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Calc I - Finding average velocity using integration

  1. Oct 29, 2005 #1
    Can I use integration to show why car 2 traveled farther than car 1 over a given time interval?

    Here is some of the problem,

    I have the following graph of two different velocity functions
    for two cars.

    TI-89 Graph

    The viewing window of this graph is x from 0 to 30
    and y from 0 to 100.

    After integrating the velocity function I found the position function.
    Estimating the distances traveled by both cars from time t = 0
    to time = 30 I find,

    Car 1 whose velocity function is the thin line on the graph
    traveled approximately 964.11 feet.

    Car 2 whose velocity function is the thick line on the graph
    traveled approximately 1977.9 feet.

    By looking at the graph it is obvious that the thick line has
    a larger region under the curve (from the curve to the x-axis) than
    the thin line.

    Is it possible to integrate from 0 to 30 on each velocity function and show that the larger regions under the curve correspond to a higher average velocity over time interval 0 to 30 which is why car 2 traveled farther? Am I on the right track about dealing with the velocities of the cars? Should I also consider their acceleration as being a reason for why car 2 traveled farther?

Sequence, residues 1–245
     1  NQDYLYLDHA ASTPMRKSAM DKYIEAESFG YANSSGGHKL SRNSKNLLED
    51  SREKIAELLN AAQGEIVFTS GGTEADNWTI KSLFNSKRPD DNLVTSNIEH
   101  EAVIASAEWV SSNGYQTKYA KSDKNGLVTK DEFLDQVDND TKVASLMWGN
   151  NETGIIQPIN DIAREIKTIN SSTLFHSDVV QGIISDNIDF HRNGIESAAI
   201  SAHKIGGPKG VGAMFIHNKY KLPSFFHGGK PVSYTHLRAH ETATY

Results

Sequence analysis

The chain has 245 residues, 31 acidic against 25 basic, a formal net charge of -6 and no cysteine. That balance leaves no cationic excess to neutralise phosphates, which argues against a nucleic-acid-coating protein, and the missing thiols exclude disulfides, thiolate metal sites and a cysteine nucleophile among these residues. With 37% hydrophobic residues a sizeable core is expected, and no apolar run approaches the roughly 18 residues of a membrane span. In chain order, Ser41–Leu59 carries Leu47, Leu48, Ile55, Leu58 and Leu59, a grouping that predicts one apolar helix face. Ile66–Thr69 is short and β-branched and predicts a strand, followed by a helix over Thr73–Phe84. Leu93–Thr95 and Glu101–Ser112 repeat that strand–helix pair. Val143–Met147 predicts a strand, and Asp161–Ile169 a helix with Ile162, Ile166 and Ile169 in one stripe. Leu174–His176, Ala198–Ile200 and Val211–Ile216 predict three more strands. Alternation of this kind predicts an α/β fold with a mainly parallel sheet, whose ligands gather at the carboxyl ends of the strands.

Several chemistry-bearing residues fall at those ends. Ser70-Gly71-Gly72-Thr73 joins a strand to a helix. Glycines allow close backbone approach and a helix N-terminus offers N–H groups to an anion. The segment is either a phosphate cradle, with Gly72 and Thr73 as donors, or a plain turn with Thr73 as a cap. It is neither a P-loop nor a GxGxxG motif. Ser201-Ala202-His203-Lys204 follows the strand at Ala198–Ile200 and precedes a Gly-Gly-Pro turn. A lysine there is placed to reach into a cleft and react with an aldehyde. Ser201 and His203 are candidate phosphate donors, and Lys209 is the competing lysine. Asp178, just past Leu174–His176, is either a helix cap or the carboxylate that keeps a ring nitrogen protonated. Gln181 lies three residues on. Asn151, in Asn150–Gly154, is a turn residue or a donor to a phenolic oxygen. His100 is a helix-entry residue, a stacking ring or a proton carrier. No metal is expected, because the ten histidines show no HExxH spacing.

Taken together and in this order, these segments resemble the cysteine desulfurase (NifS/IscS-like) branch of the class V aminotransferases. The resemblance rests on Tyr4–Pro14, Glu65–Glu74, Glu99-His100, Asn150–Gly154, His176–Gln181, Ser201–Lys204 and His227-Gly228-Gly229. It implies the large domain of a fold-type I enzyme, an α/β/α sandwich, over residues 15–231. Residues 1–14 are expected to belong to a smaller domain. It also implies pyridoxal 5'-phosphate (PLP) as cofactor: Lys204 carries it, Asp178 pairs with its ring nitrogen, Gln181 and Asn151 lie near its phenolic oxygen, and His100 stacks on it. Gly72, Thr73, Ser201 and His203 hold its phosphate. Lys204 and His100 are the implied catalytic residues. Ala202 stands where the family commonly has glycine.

I need explain why car 2 traveled farther. Is it possible to use integration to find average velocity?

    In the original problem velocity is given every 5 seconds from 0 to 30 for each car. I could find the secant line over each 5 second interval and average those secant lines to find the approximate average velocity from time 0 to 30, correct? If possible I want to try to use integration to solve this.

    Thanks
     
    Last edited: Oct 29, 2005
  2. jcsd
  3. Oct 29, 2005 #2
    You have two velocity graphs and you want to find the average velocity. Your instincts are correct to integrate, but it's not just integrating from 1 to 30. Calculating the average value of a function, f(x), from a to b can be done as follows:

    [tex]A(x)=\frac{1}{b-a}\int_{a}}^{b}f(x)dx[/tex]
     
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